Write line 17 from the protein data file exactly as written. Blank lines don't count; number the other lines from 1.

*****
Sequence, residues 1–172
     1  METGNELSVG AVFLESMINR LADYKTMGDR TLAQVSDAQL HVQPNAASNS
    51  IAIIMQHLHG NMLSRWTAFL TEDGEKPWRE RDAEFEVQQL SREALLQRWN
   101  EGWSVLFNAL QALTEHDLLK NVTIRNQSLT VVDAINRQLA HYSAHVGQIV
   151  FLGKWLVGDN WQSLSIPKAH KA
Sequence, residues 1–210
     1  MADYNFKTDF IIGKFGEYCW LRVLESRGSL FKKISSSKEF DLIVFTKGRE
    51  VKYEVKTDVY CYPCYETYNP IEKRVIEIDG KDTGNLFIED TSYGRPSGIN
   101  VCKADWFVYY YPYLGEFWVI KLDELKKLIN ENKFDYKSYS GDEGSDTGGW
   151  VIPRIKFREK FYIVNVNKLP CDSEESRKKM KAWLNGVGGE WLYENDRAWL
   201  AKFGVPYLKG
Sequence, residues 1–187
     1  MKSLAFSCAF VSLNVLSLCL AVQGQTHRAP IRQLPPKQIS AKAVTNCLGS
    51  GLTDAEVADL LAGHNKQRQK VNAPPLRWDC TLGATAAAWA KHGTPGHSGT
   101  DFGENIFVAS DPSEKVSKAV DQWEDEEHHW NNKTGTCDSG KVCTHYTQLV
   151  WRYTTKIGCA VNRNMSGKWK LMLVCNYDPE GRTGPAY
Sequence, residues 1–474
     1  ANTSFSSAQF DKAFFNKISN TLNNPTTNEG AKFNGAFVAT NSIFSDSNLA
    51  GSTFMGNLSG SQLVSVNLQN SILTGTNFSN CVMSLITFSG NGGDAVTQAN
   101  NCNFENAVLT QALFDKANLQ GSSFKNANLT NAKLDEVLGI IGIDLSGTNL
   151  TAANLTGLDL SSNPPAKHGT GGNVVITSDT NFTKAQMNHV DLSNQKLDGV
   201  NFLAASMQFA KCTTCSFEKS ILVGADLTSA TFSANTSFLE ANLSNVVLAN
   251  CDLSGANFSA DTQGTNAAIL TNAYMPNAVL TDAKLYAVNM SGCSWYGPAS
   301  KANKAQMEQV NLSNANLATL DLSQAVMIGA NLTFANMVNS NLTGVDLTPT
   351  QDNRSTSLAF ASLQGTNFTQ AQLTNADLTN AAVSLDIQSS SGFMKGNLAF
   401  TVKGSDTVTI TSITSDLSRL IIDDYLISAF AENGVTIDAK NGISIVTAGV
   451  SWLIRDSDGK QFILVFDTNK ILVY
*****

Sequence, residues 1–474